Many modern herbalists also encourage a dual extraction using both water and alcohol. Mushrooms contain some constituents that are water soluble (beta-glucans/polysaccharides), and some that are alcohol soluble (triterpenes.) A double extraction pulls out all of these constituents to give the most benefit.
But when you don’t have the time or energy to watch over a barely-bubbling pot on the stove for the good part of the day, you might wish instead for something more instant. That’s why companies like Four Sigmatic are becoming more and more popular. They offer easy-to-use mixes that you can dump in hot water since they’ve already done all the hard work for you. Four Sigmatic processes their medicinal mushrooms by first drying the fungi, then boiling them for 12-24 hours in a water and alcohol mixture, then putting that in a “spray-drier that uses pressurized hot air” to remove the liquids (according to this article by Time )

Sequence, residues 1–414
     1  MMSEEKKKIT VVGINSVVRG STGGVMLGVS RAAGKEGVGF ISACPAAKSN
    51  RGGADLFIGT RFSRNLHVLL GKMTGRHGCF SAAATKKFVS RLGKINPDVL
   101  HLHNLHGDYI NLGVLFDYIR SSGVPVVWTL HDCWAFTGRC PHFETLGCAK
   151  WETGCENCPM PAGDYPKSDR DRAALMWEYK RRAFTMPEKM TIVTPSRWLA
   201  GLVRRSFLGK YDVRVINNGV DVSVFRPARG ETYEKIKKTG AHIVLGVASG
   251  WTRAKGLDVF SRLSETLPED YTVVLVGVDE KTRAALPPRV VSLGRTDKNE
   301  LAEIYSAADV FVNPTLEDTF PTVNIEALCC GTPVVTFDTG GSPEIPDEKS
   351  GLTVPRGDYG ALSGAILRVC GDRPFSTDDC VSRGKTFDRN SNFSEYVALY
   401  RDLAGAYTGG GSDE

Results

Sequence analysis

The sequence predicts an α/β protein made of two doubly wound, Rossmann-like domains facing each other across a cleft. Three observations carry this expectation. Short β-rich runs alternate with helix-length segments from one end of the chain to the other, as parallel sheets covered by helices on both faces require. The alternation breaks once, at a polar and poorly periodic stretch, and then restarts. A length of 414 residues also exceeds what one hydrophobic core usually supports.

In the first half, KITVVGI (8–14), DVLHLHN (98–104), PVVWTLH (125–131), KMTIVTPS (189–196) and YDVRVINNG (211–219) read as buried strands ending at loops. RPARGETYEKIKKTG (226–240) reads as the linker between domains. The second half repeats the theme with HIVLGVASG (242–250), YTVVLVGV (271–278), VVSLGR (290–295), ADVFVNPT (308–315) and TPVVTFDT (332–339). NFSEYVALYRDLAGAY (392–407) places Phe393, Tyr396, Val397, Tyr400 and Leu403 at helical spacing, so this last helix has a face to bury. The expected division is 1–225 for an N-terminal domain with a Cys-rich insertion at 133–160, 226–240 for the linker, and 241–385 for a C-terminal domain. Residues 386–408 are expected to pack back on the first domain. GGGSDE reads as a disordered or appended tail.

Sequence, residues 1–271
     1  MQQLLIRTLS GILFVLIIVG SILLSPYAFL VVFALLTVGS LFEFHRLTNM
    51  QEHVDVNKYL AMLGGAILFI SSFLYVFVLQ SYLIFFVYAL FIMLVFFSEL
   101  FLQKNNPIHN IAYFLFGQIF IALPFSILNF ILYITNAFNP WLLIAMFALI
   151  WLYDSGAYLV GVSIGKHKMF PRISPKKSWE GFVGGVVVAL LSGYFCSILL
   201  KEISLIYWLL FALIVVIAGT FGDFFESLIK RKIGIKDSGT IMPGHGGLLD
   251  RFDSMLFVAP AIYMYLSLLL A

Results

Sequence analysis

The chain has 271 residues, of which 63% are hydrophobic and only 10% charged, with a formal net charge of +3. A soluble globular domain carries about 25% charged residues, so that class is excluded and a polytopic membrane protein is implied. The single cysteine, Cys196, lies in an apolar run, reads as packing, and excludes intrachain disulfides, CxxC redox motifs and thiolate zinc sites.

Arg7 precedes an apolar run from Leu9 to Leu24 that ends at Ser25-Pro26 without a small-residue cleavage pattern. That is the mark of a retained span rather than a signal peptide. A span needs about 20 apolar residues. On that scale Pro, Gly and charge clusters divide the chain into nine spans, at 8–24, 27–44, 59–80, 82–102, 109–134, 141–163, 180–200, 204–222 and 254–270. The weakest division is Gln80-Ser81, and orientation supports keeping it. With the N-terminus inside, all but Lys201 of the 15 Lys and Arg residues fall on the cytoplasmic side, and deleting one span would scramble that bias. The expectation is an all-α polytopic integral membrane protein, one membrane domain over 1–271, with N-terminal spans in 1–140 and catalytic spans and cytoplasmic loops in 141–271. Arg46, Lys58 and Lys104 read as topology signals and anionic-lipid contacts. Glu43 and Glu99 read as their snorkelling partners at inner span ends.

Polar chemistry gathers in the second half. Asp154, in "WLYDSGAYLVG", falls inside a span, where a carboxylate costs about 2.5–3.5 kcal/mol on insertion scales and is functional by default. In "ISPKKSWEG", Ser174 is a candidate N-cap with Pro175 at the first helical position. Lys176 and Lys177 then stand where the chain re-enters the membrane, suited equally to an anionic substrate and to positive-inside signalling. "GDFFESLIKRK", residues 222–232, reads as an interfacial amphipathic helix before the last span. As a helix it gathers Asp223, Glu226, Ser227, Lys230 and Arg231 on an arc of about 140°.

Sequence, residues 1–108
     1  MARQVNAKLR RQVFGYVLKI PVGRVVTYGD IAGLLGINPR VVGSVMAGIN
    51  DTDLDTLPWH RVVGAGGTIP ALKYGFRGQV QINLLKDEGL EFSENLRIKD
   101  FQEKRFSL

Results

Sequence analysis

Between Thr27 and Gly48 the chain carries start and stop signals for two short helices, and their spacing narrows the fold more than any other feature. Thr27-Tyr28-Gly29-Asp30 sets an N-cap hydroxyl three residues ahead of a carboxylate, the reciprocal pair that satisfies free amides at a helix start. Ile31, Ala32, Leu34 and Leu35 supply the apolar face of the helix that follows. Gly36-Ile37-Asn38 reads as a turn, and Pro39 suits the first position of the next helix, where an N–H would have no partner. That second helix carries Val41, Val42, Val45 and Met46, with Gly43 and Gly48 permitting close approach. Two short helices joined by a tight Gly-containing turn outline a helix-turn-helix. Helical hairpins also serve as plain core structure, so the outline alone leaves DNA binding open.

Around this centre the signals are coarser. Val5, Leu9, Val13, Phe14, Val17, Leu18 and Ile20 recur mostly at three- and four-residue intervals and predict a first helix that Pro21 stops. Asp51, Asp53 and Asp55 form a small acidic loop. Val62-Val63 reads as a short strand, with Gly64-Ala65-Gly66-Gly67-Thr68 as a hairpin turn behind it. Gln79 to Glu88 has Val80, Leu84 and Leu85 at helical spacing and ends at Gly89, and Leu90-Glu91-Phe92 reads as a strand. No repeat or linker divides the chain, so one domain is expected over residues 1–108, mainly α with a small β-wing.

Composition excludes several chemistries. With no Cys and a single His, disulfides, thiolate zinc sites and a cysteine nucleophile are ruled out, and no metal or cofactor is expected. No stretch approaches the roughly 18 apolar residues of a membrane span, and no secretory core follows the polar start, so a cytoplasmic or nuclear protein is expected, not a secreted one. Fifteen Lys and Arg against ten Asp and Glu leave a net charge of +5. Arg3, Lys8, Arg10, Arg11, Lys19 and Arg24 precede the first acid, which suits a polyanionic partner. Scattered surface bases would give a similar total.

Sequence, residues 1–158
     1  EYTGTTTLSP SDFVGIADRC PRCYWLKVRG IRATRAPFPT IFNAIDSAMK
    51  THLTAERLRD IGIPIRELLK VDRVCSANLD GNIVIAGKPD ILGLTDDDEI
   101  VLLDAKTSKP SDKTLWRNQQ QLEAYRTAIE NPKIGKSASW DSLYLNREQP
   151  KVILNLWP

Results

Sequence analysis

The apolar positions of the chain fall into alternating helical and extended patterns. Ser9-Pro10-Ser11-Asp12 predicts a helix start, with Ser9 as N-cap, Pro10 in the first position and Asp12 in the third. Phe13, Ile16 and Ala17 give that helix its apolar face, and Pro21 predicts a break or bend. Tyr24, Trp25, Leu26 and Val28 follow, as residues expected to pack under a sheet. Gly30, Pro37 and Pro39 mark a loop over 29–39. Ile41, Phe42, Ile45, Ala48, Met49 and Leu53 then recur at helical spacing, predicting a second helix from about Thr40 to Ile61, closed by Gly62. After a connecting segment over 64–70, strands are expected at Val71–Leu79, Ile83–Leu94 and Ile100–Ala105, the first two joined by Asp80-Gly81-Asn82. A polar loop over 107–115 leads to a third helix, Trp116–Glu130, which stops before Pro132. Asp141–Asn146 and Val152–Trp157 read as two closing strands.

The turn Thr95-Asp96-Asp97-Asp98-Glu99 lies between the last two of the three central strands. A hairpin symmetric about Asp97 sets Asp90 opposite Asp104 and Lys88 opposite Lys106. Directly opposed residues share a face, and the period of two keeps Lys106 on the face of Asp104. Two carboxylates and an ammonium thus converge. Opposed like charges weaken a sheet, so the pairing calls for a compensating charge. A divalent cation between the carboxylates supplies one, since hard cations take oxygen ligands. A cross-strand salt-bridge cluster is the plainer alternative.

I don’t have a magical spray dryer, but I do have some creativity and some time.
Making your own custom blend of medicinal mushroom hot cocoa is easier than you might think, as long as you have a little patience. This powder should retain all of the healing properties of your foraged or purchased medicinal mushrooms, with the ease-of-use of the fancy commercial products. And all you need to do it is a crock pot (or even just a pot on the stove), a cookie sheet, and a coffee grinder. I tripled my batch to make some extra to share, but it all sold out of my etsy shop in one day! Luckily for you, I’m happy to share my technique so those who missed out can make their own. (And those who snagged some, I can’t wait to hear what you think of it!)